• Regulation requires everyone on board motor boats less than 21 feet, row boats, canoes and kayaks wear a Personal Flotation Device (PFD, aka Life Jacket) between November 1 and May 1.
  • People immersed in cold waters can lose the ability to think clearly and move quickly after only a short time in the water.
  • Anglers fishing from shore or wading should also wear a personal flotation device.

Water Levels: Due to recent rains water levels are in the average to above average range.

Mountain Bikers

Electric Bicycles: Electric bicycles (E-bikes) of any class are not allowed on trails or roadways where public motorized access is prohibited.

Specific Notices

Check the map and then link to the area of Adirondacks you plan to visit. Use the Adirondack Forest Preserve Map and Guide to help you determine the area you plan to visit. The information is provided by DEC Forest Rangers and Foresters based on their knowledge and observations and is updated weekly.

The information provided may not reflect current specific conditions. Contact the local Forest Ranger for more current and specific information by calling 518-897-1300 or check the list of Region 5 Forest Rangers or Region 6 Forest Rangers for direct contact information.



Northeastern Eastern High Peaks East Central Southern West Central Northern Southwestern Western Northwestern
Legend:

Green - Forest Preserve Lands
Tan - Conservation Easement Lands
Gray - Private Lands

More about Adirondack Backcountry Information :

  • Backcountry Information for the Northwestern Adirondack - Information regarding access, outdoor recreation infrastructure and conditions on the lands and waters in the Northwestern Adirondack Backcountry for Grass River Complex, Raquette Boreal Complex, and Whitehill Wild Forest
  • Backcountry Information for the Northern Adirondacks - Information regarding access, outdoor recreation infrastructure and conditions on the lands and waters in the Northern Adirondack Backcountry for the DeBar Mountain Wild Forest, Kushaqua Conservation Easement Tract, Paul Smiths College Conservation Easement Tract, Santa Clara Conservation Easement Tract, Saranac Lakes Wild Forest, and St. Regis Canoe Area
  • Backcountry Information for the Northeastern Adirondacks - Information regarding access, outdoor recreation infrastructure and conditions on the lands and waters in the Northern Adirondack Backcountry for the Chazy Highlands Wild Forest, Lake Champlain Islands Complex, Sable Highlands Tract, Taylor Pond Complex, and Wilmington Wild Forest.
  • Backcountry Information for the High Peaks Region - Information regarding access, outdoor recreation infrastructure and conditions on the lands and waters in the backcountry of the High Peaks Region for the High Peaks Wilderness, Dix Mountain Wilderness, Giant Mountain Wilderness, Hurricane Mountain Wilderness, Jay Mountain Wilderness, McKenzie Mountain Wilderness, and Sentinel Range Wilderness
  • Backcountry Information for the Western Adirondacks - Information regarding access, outdoor recreation infrastructure and conditions on the lands and waters in the Western Adirondack Backcountry for the Aldrich Pond Wild Forest, Bog River Complex, Cranberry Lake Wild Forest, Five Ponds & Pepperbox Wildernesses, Watson's East Triangle Wild Forest, and William C. Whitney & Round Lake Wilderness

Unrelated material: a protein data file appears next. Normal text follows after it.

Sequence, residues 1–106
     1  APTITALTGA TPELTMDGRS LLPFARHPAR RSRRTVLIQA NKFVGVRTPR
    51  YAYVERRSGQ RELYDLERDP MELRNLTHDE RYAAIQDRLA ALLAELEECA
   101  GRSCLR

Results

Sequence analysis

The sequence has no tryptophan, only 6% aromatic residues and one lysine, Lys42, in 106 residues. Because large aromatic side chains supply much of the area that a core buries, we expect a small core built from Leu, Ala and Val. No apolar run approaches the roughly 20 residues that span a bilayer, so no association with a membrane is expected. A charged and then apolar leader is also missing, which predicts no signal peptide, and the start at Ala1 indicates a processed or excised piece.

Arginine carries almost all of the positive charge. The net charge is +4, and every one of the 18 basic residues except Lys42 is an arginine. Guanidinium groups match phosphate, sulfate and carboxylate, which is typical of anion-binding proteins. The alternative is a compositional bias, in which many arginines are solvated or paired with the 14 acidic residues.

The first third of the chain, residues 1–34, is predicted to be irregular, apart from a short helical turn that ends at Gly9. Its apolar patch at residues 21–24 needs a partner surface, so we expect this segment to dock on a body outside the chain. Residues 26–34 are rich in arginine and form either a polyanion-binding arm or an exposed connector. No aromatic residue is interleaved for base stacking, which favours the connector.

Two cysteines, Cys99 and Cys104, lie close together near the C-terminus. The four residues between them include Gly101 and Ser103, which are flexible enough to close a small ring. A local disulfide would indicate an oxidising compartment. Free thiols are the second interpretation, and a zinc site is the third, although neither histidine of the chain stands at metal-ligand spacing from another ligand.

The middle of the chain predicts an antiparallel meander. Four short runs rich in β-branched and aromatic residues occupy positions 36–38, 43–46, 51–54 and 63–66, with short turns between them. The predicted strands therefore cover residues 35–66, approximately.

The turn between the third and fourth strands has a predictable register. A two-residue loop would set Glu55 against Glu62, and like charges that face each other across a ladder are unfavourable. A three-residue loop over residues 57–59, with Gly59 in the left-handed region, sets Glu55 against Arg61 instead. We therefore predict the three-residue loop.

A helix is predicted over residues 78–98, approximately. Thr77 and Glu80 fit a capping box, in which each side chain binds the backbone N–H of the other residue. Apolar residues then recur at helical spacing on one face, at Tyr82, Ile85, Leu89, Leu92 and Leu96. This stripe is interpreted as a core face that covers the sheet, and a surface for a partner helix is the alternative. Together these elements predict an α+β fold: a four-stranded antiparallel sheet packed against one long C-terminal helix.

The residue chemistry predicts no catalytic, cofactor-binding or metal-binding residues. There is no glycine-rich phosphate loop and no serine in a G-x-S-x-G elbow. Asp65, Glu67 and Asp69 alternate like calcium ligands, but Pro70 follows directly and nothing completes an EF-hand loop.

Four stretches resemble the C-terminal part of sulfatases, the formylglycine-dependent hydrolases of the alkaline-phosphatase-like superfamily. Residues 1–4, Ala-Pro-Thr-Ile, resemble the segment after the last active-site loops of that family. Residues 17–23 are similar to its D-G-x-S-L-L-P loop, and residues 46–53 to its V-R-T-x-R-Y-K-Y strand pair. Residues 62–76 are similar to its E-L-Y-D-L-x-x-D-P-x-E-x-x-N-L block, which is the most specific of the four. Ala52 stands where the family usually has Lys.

• Backcountry Information for the West Central Adirondacks - Information regarding access, outdoor recreation infrastructure and conditions on the lands and waters in the West Central Adirondack Backcountry for the Blue Mountain Wild Forest, Township 19 Easement, Township 20 Easement, Blue Ridge Wilderness, Jessup River Wild Forest, Moose River Plains Complex, Perkins Clearing/Speculator Tree Farm Easement, Sargent Ponds Wild Forest, West Canada Lakes Wilderness
  • Backcountry Information for the East Central Adirondacks - Information regarding access, outdoor recreation infrastructure and conditions on the lands and waters in the East Central Adirondack Backcountry for the Camp Santanoni Historic Area,Essex Chain Lakes Complex, Hoffman Notch Wilderness, Hudson Gorge Wilderness, Jessup River Wild Forest, Siamese Ponds Wilderness and Vanderwhacker Mountain Wild Forest
  • Backcountry Information for the Eastern Adirondacks - Information regarding access, outdoor recreation infrastructure and conditions on the lands and waters in the Eastern Adirondack Backcountry for the Hammond Pond Wild Forest, Lake George Wild Forest, Pharaoh Lake Wilderness, and Split Rock Wild Forest
  • Backcountry Information for the Southwestern Adirondacks - Information regarding access, outdoor recreation infrastructure and conditions on the lands and waters in the Southwestern Adirondack Backcountry for the Black River Wild Forest, Fulton Chain Wild Forest, Ha-De-Ron-Dah Wilderness, Independence River Wild Forest, and Pigeon Lake Wilderness
  • Backcountry Information for the Southern Adirondacks - Information regarding access, outdoor recreation infrastructure and conditions on the lands and waters in the Southern Adirondack Backcountry for the Ferris Lake Wild Forest, Shaker Mountain Wild Forest, Silver Lake Wilderness, and Wilcox Lake Wild Forest
  • North Country National Scenic Trail (NCNST) - The DEC has completed a Draft Plan/GEIS for the North Country National Scenic Trail Adirondack Park section. This plan describes a proposed route across the central region of the Adirondack Park. The route assessment presented in this plan will be integrated into the unit management plans (ump's) for each respective unit traversed by the trail.